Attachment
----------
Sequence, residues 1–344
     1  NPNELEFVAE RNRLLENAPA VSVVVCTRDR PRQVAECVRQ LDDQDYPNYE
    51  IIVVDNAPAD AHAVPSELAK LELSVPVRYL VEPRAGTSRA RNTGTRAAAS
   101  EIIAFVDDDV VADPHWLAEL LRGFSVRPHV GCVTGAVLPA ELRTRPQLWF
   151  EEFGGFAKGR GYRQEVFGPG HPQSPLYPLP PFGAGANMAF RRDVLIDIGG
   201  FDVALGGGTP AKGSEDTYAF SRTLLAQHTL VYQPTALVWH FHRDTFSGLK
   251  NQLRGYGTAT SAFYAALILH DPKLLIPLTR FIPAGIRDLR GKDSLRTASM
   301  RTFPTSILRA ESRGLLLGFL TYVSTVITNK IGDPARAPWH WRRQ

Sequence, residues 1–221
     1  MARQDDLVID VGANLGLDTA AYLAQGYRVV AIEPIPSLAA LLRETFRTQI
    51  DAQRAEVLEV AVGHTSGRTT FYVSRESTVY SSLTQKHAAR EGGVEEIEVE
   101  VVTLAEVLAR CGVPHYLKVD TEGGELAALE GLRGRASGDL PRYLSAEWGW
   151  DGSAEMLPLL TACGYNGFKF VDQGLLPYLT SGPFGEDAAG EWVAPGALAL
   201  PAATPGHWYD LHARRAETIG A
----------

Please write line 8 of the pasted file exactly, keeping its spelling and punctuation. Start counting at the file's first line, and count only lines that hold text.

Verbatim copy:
   301  RTFPTSILRA ESRGLLLGFL TYVSTVITNK IGDPARAPWH WRRQ